The Commonwealth of Massachusetts tracks not only what it spends on Medicaid, but total  health care spending.  Modern Healthcare reports on the variation in care spending recently identified by the in Massachusetts Health Policy Commission. 

The highest-cost providers in Massachusetts spent nearly a third more per patient than their lowest-cost peers, mirroring the widespread cost variation found in markets throughout the country. 

Massachusetts’ largest and highest-cost organization, Boston-based Partners HealthCare, spent 32% more per patient annually than Reliant Medical Group, after adjusting for treatment severity, according to a new report from the Massachusetts Health Policy Commission that analyzed the 14 largest providers in the state. That variation amounted to more than $1,500 per patient.

varaiation in speanding

 

Boston researcher in NYTimes on why the US spends so much on health care. The answer is same as it was in 2003 — prices.

33586416554_c4c88c0477_zAustin Frakt,  director of the Partnered Evidence-Based Policy Resource Center at the V.A. Boston Healthcare System writes in The New York Times today:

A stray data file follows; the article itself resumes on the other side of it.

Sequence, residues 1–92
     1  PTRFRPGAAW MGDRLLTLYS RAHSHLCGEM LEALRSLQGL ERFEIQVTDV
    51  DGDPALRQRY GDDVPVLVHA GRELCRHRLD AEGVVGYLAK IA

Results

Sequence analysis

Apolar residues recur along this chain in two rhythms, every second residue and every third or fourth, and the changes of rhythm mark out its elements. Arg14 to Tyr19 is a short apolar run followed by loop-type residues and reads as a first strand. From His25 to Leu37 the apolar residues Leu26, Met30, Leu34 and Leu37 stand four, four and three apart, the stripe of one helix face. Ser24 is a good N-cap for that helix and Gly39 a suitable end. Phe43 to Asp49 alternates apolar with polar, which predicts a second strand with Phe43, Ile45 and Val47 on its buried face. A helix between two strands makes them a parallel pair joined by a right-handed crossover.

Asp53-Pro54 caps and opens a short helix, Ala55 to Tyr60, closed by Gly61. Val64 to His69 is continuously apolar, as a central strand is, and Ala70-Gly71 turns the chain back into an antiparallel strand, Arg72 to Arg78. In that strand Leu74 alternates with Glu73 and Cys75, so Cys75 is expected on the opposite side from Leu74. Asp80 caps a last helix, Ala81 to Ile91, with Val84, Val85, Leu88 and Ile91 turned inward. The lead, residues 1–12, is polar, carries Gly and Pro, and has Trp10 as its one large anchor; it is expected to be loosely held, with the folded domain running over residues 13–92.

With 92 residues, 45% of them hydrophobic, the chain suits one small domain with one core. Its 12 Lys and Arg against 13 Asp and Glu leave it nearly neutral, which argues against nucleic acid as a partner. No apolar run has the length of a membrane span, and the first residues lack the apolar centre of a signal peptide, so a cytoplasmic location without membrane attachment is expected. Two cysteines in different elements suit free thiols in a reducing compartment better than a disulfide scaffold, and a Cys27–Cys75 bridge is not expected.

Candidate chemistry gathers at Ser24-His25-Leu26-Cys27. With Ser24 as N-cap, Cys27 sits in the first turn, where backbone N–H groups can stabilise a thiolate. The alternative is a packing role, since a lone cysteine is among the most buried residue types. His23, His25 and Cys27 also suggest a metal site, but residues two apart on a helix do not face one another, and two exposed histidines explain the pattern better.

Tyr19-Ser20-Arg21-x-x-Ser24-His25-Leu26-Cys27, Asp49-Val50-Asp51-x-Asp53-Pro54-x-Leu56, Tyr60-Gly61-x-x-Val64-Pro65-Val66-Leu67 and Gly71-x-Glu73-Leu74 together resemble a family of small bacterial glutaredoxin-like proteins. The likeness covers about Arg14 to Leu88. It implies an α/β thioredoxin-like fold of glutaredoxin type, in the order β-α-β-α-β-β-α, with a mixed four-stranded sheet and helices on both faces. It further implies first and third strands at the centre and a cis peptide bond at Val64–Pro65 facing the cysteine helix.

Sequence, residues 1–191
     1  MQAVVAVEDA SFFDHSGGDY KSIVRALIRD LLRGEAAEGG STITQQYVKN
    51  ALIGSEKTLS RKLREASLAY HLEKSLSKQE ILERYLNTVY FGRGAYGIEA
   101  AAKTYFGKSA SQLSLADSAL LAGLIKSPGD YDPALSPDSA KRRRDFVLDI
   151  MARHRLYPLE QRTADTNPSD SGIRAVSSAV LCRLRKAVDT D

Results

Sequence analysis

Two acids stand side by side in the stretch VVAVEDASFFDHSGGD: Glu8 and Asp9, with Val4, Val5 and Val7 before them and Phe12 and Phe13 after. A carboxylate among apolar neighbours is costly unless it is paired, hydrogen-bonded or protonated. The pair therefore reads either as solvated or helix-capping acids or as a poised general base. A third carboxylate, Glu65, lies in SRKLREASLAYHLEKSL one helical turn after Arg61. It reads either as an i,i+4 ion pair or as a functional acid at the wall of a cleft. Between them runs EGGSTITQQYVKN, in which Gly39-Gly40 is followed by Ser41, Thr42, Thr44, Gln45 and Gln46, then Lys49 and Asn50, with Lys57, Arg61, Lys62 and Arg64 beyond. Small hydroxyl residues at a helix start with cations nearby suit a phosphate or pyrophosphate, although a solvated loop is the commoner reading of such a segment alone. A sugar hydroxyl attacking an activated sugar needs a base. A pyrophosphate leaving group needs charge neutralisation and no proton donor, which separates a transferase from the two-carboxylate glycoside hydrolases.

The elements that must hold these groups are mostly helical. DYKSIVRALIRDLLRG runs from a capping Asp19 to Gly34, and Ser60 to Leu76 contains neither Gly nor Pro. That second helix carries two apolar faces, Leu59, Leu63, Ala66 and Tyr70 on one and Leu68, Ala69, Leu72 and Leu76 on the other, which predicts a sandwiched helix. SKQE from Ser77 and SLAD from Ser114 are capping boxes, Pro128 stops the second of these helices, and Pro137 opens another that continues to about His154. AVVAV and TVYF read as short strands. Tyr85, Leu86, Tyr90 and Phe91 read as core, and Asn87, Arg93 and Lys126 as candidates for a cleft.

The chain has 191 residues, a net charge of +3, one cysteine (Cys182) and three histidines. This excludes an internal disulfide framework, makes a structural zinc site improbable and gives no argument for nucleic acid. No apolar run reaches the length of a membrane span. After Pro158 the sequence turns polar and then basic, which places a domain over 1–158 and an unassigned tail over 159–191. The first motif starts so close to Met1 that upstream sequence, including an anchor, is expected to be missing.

A large part of the answer can be found in the title of a 2003 paper in Health Affairs by the Princeton University health economist Uwe Reinhardt: “It’s the prices, stupid.

He goes on to quote a JAMA  study:

Over all, the researchers found that American personal health spending grew by about $930 billion between 1996 and 2013, from $1.2 trillion to $2.1 trillion (amounts adjusted for inflation). This was a huge increase, far outpacing overall economic growth. The health sector grew at a 4 percent annual rate, while the overall economy grew at a 2.4 percent rate.

You’d expect some growth in health care spending over this span from the increase in population size and the aging of the population. But that explains less than half of the spending growth. After accounting for those kinds of demographic factors, which we can do very little about, health spending still grew by about $574 billion from 1996 to 2013.

Did the increasing sickness in the American population explain much of the rest of the growth in spending? Nope. Measured by how much we spend, we’ve actually gotten a bit healthier. 

For more on Dr. Frakt’s work, see his blog, The Incidental Economist.